Fish and Game Commission to legislate a three year closed season on fisher trapping; however, his recommendation was ignored.12
Nearly twenty years later, E. Raymond Hall at MVZ reported the near extinction of the fisher in California. Hall questioned
the lack of action on the part of the California Fish and Game Commission and argued for an immediate action on Dixon’s earlier
In 1926, Dixon embarked on yet another expedition to Alaska, again sponsored by Thayer. This time Dixon was accompanied by
George Melendez Wright, a biology undergraduate student at U.C. Berkeley. Dixon and Wright spent 72 days at Mount McKinley
National Park (now Denali National Park and Preserve) collecting specimens and conducting field work. On May 28, 1926, at
4 PM, Wright discovered a surf bird nesting above the timberline of Mount McKinley. After alerting Dixon, the two men stayed
at the site and observed the nest overnight.14 This marked the first recorded sighting of a surf bird nest, and is considered
to be the last discovery of a North American bird’s nesting habitat.
Wright went on to join the National Park Service in 1927 as an Assistant Park Naturalist at Yosemite. Concerned about the
lack of scientific research and data about the park, he established a wildlife survey office for NPS, which he personally
funded for several years.15 Wright recruited Dixon to be an economic mammologist for his team, which Dixon accepted, leading
him to resign from MVZ in 1931.16 The newly formed wildlife survey team composed of Wright, Dixon, and U.C. Berkeley graduate
Ben H. Thompson spent its first season in the field starting in August, 1930.17 For the next few years they made several trips
throughout the West, always ending back at the wildlife office in Berkeley, CA. Dixon and his colleagues made an effort to
document wildlife conditions in western national parks and presented their conclusions on how to reduce the impact of human
activity on the parks’ fauna in Fauna of the National Parks of the United States: A Preliminary Survey of Faunal Relations
in Natural Parks (1933).18
On July 1, 1933, responsibility for the wildlife survey team was assumed by the NPS with the formation of the Wildlife Division;
Wright became division chief, while Dixon and Thompson were named staff biologists.19 When Wright moved his administrative
and research offices from Berkeley to Washington, D.C., Dixon stayed behind and continued his NPS work in the agency’s Western
Region. He returned to Mount McKinley National Park in 1932 and completed the survey of animal life begun by him and Wright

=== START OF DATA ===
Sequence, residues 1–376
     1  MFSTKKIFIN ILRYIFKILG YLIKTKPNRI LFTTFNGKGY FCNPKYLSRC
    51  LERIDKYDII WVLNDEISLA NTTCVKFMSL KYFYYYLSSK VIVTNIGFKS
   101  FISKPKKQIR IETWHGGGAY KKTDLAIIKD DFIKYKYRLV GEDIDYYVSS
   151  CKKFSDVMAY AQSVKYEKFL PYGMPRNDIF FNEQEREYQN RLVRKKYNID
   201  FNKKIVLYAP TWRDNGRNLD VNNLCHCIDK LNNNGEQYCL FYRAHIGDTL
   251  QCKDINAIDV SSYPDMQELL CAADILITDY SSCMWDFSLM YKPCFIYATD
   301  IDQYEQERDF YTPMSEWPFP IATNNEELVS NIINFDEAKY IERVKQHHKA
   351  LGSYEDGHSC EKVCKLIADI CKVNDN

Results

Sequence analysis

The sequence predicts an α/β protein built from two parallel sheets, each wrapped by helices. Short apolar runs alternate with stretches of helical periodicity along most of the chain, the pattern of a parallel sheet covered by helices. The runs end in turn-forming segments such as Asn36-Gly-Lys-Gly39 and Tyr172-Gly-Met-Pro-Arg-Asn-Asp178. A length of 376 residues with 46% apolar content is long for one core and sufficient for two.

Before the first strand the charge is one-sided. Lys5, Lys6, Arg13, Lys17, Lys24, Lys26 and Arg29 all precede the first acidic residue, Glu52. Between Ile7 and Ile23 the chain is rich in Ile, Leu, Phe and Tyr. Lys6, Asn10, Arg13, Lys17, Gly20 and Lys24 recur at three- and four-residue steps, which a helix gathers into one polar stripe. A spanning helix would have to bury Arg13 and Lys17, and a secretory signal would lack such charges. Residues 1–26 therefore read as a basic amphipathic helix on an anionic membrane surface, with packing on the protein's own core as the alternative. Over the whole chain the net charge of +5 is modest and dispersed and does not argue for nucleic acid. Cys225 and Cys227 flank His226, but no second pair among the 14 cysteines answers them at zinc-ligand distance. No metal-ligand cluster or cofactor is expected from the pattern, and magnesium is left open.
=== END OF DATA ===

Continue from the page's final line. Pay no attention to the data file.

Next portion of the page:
in 1926, publishing his findings in the third book of the Fauna Series, Fauna of the National Parks of the United States:
Birds and Mammals of Mount McKinley National Park (1938).20
In 1933, he became Director and an instructor at the Yosemite School of Field Natural History (commonly referred to as the
Yosemite Field School), where he taught for nine years.21 As an instructor, Dixon provided intensive instruction for the student
nature guides and attempted to instill an interest in field work in others by continuing to serve as an NPS field biologist.
He devoted a great deal of attention to the mule deer of Yosemite, and in 1934 his article “A Study of the Life History and
Food Habits of Mule Deer in California,” was published in California Fish and Game. During this time he also conducted wildlife
surveys throughout the western United States, with a great deal of focus spent in the areas of Sequoia and Kings Canyon National
Parks from 1933 to1937 and again from 1940 to1942.22
During the 1940s, Dixon was one of three NPS biologists (with Adolph Murie and Vic Cahalane) who were allowed to remain focused
on fieldwork, while all others were transferred to other NPS activities considered crucial to the war effort.23 However, his
progress on the investigation of Sequoia and Kings Canyon was eventually impeded by wartime cutbacks. By the time of his retirement
in March 1946, a book pertaining to his research on the parks remained incomplete. As Dixon’s poor health post-retirement
prevented him from progressing any further on the work, NPS wildlife biologist Lowell Sumner accepted the task to complete
it. Sumner himself had studied wildlife in the region for many years, and he brought new research to the project. The book
Birds and Mammals of the Sierra Nevada with Records from Sequoia and Kings Canyon National Parks by Lowell and Dixon was finally
completed in 1953, several years after Dixon’s death.24